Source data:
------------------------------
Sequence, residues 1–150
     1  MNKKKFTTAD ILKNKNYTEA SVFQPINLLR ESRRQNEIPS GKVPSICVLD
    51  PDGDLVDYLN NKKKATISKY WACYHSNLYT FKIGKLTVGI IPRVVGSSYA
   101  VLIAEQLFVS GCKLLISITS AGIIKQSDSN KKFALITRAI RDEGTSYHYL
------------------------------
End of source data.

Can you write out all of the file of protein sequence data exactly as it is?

Sequence, residues 1–150
     1  MNKKKFTTAD ILKNKNYTEA SVFQPINLLR ESRRQNEIPS GKVPSICVLD
    51  PDGDLVDYLN NKKKATISKY WACYHSNLYT FKIGKLTVGI IPRVVGSSYA
   101  VLIAEQLFVS GCKLLISITS AGIIKQSDSN KKFALITRAI RDEGTSYHYL